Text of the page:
The Complaint/Petition will establish the grounds for which the divorce is taking place and reference a copy of a Marital Settlement Agreement.

If the non-filing spouse agrees with what is detailed in the Marital Settlement Agreement, you file what is called an uncontested divorce. In mosts states the court requires the filing of an Appearance, Consent, and Waiver Form by the non-filing spouse. This form has several functions. It allows the non-filing spouse to acknowledge to the court that he or she understands that the Complaint/Petition has been filed (this is the step that eliminates the serving of divorce papers). It allows the non-filing spouse to acknowledge to the court that he or she meets the state requirements for the divorce and that he or she gives consent to have the Current Marital Settlement Agreement drafted into the Final Divorce Decree. The above may sound very simple. Most lawyers will say that no divorce is ever simple, but an uncontested divorce is by far a less complicated, less stressful and a less traumatic experience than a contested one.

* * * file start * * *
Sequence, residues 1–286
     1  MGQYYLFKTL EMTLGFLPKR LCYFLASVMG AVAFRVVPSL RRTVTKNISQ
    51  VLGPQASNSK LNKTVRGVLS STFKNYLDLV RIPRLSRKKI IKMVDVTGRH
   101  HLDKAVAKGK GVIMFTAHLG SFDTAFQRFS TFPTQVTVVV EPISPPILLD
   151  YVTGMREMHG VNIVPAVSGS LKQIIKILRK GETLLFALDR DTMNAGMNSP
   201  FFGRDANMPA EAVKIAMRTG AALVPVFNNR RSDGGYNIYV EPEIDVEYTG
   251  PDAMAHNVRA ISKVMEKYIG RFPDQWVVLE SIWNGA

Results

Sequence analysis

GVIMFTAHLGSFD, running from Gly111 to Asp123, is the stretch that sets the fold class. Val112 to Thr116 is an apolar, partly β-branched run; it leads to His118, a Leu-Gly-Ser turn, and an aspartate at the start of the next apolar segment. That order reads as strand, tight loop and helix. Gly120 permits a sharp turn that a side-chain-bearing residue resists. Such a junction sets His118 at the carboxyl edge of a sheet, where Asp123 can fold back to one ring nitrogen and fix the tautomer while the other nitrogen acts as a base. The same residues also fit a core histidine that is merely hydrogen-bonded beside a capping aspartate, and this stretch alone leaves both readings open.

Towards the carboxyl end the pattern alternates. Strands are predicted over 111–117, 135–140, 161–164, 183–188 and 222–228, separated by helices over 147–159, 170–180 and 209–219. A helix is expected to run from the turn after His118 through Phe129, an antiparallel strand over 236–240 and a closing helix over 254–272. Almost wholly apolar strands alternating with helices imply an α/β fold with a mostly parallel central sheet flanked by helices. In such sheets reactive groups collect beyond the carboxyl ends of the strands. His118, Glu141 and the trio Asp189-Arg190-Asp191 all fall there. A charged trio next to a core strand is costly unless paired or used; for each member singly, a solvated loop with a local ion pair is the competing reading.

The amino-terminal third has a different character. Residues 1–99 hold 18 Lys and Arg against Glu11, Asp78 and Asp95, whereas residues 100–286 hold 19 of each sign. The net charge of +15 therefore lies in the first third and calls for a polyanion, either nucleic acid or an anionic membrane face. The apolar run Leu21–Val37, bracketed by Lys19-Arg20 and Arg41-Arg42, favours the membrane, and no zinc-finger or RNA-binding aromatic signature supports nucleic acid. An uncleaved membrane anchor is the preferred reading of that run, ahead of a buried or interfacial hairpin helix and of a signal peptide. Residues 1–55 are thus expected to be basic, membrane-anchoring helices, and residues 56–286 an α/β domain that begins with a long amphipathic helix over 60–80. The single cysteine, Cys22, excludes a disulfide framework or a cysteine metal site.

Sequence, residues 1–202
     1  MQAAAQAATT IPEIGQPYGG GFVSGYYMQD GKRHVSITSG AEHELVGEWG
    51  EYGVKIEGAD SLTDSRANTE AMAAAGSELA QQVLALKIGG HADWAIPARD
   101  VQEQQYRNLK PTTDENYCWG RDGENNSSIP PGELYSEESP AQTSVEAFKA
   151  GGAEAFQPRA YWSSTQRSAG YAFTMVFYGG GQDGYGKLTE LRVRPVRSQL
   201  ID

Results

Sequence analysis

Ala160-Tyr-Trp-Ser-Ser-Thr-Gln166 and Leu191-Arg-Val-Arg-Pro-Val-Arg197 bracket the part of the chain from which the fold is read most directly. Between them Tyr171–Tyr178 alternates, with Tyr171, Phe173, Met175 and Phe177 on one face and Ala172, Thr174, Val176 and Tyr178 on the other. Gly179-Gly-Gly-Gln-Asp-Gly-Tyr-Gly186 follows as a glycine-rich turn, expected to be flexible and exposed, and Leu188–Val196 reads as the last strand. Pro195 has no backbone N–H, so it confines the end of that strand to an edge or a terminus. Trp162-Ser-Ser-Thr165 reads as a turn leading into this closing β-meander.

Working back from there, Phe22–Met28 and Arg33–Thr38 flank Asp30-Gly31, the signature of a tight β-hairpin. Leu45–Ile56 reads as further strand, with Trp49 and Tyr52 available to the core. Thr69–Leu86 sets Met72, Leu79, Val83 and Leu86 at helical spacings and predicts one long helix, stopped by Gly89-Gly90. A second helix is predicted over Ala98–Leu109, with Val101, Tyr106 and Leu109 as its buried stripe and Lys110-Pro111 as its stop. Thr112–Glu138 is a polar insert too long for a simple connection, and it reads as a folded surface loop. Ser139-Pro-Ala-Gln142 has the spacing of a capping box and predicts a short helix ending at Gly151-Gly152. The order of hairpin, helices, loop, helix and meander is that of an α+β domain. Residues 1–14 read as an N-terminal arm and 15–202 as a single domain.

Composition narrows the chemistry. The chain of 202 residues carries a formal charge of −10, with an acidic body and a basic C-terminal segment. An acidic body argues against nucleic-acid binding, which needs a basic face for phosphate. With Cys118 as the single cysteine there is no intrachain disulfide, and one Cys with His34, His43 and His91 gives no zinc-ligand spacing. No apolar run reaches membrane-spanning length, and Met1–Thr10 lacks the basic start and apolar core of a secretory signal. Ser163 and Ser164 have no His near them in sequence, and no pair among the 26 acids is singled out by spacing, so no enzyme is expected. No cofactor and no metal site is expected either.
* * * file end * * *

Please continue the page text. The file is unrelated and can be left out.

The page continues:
The difficulty in divorce arises when one spouse does not want the divorce or does not feel as though he or she is being treated fairly in the Marital Settlement Agreement.

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Disputes that arise and continue unresolved will lead to a contested divorce.

Your lawyer will become your teammate in a negotiating game to settle the disputes. If your divorce gets to a point where one or more disputes simply can not be settled out of court, it will be time to go to the Family Court in your county and let the Judge make the decisions for both of you. Once the Judge makes the decisions they are final and become part of the Marital Settlement